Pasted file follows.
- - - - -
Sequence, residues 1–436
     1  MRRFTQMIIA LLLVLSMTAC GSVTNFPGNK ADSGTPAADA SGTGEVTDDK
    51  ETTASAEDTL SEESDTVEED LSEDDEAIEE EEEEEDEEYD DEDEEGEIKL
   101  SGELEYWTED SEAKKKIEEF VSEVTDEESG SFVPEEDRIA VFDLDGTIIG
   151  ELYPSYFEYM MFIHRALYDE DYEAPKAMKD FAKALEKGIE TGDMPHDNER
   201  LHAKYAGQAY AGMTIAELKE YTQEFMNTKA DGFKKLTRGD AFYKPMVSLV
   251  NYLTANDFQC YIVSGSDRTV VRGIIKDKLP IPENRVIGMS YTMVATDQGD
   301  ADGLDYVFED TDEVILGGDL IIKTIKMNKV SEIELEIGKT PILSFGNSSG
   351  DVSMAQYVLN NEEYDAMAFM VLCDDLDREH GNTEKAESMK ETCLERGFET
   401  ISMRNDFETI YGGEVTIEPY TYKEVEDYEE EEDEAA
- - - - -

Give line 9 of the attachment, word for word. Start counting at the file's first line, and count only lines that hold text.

   351  DVSMAQYVLN NEEYDAMAFM VLCDDLDREH GNTEKAESMK ETCLERGFET